I bring this up because the saga of Valeant Pharmaceuticals (NYSE:VRX) is something akin to the situation U.S. Steel found itself in during its labor negotiations. In its bid to find a new business model, the cost savings it looked to achieve simply moved risk from the income statement to the balance sheet. This sleight of hand produced a company that generated significant returns for investors for awhile but unfortunately was based on a foundation of very weak nature.
There is value in the company. Its Bausch & Lomb unit is a first-class ophthalmology company with considerable free cash flow. Other pieces of the company - with real products producing income - are also worth something, though perhaps less than some analysts think. However, $30 billion in debt undermines the value of all of these.
In general, biopharma companies take a great deal of risk discovering and developing new drugs. Much of this research and development has been outsourced to large contract research organizations (CROs) that conduct much of the legwork in the R&D process. This doesn't mean that large biopharmas remove the risk from their financial statements. Far from it. Most of these companies spend up to 18% of revenues in this discovery and development process. It’s a very messy business. Just ask any company that has spent money on Alzheimer’s research. What made Valeant so different was it announced it was removing this risk by not engaging in any R&D. In fact, CEO Michael Pearson made clear that R&D was for - as Donald Trump would say - “losers.”
Valeant swapped R&D for debt
But there really is no way to avoid the discovery and development of new drugs. You can either take the job on yourself like the larger biopharma firms, or you can transfer that risk as debt on the balance sheet from acquisitive behavior. It should be noted that this latter approach has almost never worked in the past and rarely works now.
Want the financial benefits of curing disease? You have to take the risk yourself by doing the work yourself. Valeant chose to avoid such risk by acquiring small companies with generic or branded products already in the marketplace. This worked for awhile as it utilized price increases on these existing products to mitigate the danger of enormous amounts of short- and long-term debt. With both government agencies and payers taking a much harder look at such increases, the ability to meet this debt obligation looks far shakier.
Valeant’s gamble on growth
With this acquisitive strategy you’d better be awfully successful at choosing the best drug candidates. Recent moves by Valeant show it may not be as gifted as it thinks. Its recent acquisition of Sprout for Addyi – a drug for the female libido (think of it as a female Viagra) – has been problematic at best. Insurers are denying or limiting coverage for the daily pill and large pharmaceuticals benefit managers are blocking it. The result: Many prescriptions written by doctors aren't getting filled. Projected sales of $1 billion have turned out to be wildly off. As to its comparison to male libido products, prescriptions for Viagra totaled 598,452 between March 27,1998 (when it was approved) through the end of April 1998, based on data from IMS Health. Addyi prescriptions totaled 227 from Oct. 17, when it became available to the public, through Nov. 6. Reasons for the difference? The drug provides results for only 10% more women than those on placebo and has severe requirements such as a total prohibition on alcohol. Failures of this sort can lead to disaster when your finances require a steady growth of increasing free cash flow to meet extraordinary amounts of debt.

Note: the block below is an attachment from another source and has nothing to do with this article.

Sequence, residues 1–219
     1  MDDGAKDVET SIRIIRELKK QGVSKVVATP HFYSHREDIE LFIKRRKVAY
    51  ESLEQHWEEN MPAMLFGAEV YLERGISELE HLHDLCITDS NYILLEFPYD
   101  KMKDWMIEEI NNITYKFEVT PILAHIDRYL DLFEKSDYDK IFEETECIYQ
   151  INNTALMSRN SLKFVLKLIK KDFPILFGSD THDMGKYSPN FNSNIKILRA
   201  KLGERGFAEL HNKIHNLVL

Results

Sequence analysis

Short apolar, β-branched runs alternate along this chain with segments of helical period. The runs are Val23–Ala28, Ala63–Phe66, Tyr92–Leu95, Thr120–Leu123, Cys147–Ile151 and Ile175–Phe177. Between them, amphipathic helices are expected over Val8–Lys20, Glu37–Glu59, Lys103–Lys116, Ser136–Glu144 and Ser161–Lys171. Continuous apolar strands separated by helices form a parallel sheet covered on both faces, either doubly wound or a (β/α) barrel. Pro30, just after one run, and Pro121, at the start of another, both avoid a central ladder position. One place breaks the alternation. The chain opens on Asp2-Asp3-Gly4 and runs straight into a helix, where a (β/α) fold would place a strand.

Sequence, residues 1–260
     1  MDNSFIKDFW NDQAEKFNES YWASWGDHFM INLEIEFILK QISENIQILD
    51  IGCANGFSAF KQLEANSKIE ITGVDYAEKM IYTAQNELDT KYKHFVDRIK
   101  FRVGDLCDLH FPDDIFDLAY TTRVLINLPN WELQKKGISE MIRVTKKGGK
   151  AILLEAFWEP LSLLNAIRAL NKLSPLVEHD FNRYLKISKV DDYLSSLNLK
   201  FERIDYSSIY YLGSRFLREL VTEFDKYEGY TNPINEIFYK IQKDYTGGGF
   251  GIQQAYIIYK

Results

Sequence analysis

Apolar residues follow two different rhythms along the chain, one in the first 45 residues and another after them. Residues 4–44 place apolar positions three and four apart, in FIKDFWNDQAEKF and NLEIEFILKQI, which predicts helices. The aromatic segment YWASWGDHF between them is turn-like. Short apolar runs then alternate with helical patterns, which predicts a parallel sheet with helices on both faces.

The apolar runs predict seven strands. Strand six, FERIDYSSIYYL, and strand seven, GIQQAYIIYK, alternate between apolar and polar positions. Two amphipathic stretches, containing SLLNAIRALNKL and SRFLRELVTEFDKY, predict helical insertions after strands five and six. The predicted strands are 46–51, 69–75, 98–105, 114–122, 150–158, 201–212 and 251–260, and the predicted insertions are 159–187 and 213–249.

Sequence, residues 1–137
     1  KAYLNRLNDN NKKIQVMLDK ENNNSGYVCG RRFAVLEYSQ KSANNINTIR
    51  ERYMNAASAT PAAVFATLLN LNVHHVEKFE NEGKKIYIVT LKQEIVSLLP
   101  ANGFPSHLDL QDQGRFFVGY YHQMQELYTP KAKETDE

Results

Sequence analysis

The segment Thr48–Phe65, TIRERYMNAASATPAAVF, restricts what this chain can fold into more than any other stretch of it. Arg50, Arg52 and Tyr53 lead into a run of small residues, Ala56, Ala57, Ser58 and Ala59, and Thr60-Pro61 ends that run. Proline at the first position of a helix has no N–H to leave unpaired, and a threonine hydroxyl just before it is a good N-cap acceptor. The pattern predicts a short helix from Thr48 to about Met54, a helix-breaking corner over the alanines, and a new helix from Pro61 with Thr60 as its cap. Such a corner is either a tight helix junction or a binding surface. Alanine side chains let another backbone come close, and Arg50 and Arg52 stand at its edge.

There are three general lessons that we can learn from Valeant as we go forward.
When people say they have a new paradigm, watch your wallet
Throughout the history of health care, people have been pushing new reality-bending solutions to old problems. These include everything from cancer prevention products and weight loss products to zero-risk investment opportunities. In nearly every case there is a twist on a very old problem. Paradigm shifts can be very costly to your personal finances whether it’s that special GNC(NYSE:GNC) no-exercise diet or making money with little/no risk.
Excessive greed is not a corporate strategy
In the long term, excessive greed has a tendency to end badly on Wall Street. There is a certain amount of decency that is required in the business community. Fifteen percent profit margins are one thing, but 150% margins are – as Keb' Mo' would say – a "whole 'notha thang." Valeant’s overreach wasn't just the vast expansion of its balance sheet but the unmitigated greed in the price increases of its product line.
Financial markets are about trust
Ultimately Wall Street works on trust. Organizations have to believe that each will pay the other back, clearing houses will respect agreements, and investors have confidence in their investment holdings’ management. In Valeant’s case, Wall Street and investors have lost complete faith in the intelligence, integrity and competence of corporate management and its strategy. When that happens, there are very few places for that company’s investors to hide.
During their labor relations in 1947, U.S. Steel lost sight of its negotiation demands and its impact on the core business. In more modern parlance it bit its nose to spite its face. Valeant could learn a lot from those negotiations. The “new paradigm” of eliminating R&D only shifted risk from the income statement to the balance sheet. Its business model of increasing prices only added to that risk. When investors began to see that risk had not been mitigated by Valeant’s corporate strategy - but increased dramatically - the inevitable losses took place. To not see the connection has taught the company - and its investors - a valuable lesson about the fool and his money.